Thank God for Vegetarians: Tomato and Onion Tart

Tom and I just returned from our annual trip to Shenandoah organized by our friends Jim and Colleen in honor of Jim's birthday. Tom and I were tasked with making dinner on Friday evening for our group of eight, and since Tom assumed responsibility for all meats and the vegetable sides, I only had to worry about dessert and the vegetarian entrée.

Thinking back over my experiences cooking for others, I'm actually grateful that we happen to have some vegetarian friends. As someone who unabashedly loves meat, I normally would not bother making vegetarian food if the circumstances did not require it. But having to make vegetarian entrées from time to time gives me new cooking challenges and also has the nice fringe benefit of helping me discover some new tasty foods. A great case in point in the vegetarian tart I made for this year's cabin trip.

Last year's butternut squash tart went over so well that I decided to make another tart this year. I found a recipe for a tomato and onion tart on that appealed to me for a few reasons. First, I could make the butter pastry dough for the crust in advance (at home) and just keep it chilled and take it with us to the cabin. Second, the tart itself requires very few ingredients -- just the crust (which itself requires only four ingredients -- flour, salt, butter, and ice water), onions, olive oil, tomatoes, olives, and cheese. I was sold!

The crust was great. I was able to put together the butter pastry dough at home in just a few minutes, and when I rolled out the dough more than a day later at the cabin, it was very easy to handle and didn't stick at all (I rolled it out on parchment paper and didn't need to use any flour on the dough or the rolling pin). The most time consuming part of preparing the tart was caramelizing the onions -- but after that is done, all you have to do it spread the onions into the tart shell, and then top the onions with grated cheese (I used Gruyère), sliced tomatoes (I used a mix of heirloom red and yellow and campari), pitted Niçoise olives, and salt and pepper. The recipe does not require blind-baking the crust.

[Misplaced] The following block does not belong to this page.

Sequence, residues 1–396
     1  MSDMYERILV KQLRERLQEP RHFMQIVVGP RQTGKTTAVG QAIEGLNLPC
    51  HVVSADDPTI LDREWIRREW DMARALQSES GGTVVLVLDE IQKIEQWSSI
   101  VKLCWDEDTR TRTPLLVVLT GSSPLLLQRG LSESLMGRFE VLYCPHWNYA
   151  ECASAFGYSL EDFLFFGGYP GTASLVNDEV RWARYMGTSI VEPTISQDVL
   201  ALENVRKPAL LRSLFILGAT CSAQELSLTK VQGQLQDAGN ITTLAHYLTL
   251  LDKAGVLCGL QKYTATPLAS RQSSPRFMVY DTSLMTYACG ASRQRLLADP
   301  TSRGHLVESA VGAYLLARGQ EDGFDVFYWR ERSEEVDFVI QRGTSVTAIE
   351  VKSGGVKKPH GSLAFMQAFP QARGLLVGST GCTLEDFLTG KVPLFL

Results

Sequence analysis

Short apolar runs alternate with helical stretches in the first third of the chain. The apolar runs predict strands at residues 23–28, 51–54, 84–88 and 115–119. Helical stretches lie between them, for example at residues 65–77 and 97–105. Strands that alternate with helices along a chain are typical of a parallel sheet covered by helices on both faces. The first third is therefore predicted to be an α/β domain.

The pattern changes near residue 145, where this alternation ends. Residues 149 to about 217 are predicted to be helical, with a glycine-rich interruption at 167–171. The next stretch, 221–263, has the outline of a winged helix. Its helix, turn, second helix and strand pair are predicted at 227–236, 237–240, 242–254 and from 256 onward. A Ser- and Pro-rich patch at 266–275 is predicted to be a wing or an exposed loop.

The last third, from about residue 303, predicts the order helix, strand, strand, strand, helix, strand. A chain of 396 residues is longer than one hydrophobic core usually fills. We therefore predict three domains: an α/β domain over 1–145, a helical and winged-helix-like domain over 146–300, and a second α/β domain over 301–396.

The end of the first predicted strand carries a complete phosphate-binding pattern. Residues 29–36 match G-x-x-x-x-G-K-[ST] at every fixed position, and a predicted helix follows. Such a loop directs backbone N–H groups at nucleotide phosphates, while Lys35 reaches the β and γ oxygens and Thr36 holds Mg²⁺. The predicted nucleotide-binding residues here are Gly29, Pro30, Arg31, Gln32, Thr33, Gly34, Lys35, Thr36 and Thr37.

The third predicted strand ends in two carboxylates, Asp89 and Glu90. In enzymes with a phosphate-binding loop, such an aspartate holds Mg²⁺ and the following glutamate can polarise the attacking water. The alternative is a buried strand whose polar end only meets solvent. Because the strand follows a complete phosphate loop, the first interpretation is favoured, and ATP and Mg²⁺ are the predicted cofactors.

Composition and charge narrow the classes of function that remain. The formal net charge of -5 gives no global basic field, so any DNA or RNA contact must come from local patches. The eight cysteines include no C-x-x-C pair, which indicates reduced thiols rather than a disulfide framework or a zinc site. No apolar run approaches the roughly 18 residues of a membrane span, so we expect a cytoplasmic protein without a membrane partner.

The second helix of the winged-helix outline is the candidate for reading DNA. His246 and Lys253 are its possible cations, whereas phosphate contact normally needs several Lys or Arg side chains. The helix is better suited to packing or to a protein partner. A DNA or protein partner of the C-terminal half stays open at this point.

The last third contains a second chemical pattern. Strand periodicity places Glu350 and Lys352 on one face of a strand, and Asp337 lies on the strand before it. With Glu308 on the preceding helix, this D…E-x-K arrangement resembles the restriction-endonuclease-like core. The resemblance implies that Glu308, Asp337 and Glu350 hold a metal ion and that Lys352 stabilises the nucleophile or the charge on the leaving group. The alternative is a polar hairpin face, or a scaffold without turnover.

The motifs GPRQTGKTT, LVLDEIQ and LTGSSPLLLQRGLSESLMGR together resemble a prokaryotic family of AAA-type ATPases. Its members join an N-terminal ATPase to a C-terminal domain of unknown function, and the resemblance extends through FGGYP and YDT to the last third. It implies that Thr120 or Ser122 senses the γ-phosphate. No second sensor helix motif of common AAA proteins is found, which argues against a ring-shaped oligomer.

I arranged the tomatoes in a nice pattern on top of the tart, dotted with olives. The tart looked beautiful both before and after baking. I baked my tart for an hour, and it probably could have used a few extra minutes in the oven -- while the tart crust was cooked, it was not crisp on the bottom. I'm not sure if this is simply because the crust is not blind-baked. Still, the crust was very flavorful. And the tart as a whole? Delicious. The tomato and cheese combination was slightly reminiscent of pizza, although the sweet caramelized onions added another dimension of flavor that was exceptionally tasty. All of the flavors of the tart went together wonderfully.

I would definitely make this tart again. I think it would be a perfect summer dish when tomatoes are at peak season. But even in November, it made for a satisfying and comforting dish on a chilly autumn evening in the Shenandoah Valley!

Recipe: Tomato and Onion Tart and Butter Pastry Dough from

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Louise said…
This tomato tart is great in late summer when my tomato vines are overflowing with ripe tomatoes. I've made this recipe several times since it was first published and it never fails. I'm glad you found it.